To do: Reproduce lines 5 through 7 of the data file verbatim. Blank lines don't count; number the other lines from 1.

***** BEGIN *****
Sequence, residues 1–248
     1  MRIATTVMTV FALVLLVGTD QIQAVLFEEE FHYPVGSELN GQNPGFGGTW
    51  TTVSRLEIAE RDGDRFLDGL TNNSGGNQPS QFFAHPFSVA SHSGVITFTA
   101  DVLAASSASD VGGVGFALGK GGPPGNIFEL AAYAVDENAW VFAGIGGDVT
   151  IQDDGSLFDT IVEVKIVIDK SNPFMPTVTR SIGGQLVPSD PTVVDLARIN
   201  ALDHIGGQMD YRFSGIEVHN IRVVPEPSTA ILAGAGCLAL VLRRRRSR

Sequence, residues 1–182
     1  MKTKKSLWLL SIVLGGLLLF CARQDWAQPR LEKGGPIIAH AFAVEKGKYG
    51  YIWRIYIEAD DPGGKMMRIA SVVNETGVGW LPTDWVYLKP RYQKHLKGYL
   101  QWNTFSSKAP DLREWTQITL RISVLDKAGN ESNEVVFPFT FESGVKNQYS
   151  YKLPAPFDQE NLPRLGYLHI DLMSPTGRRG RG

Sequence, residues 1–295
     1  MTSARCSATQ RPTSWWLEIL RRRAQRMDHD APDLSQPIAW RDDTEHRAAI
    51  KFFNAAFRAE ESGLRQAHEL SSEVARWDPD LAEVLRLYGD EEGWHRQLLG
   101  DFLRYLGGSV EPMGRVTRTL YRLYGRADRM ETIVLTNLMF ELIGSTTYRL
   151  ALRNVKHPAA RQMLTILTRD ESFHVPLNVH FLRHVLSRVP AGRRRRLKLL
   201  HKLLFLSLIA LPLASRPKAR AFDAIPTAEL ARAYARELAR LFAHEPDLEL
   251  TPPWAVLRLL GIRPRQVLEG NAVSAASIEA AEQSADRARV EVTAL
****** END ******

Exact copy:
   151  IQDDGSLFDT IVEVKIVIDK SNPFMPTVTR SIGGQLVPSD PTVVDLARIN
   201  ALDHIGGQMD YRFSGIEVHN IRVVPEPSTA ILAGAGCLAL VLRRRRSR

Sequence, residues 1–182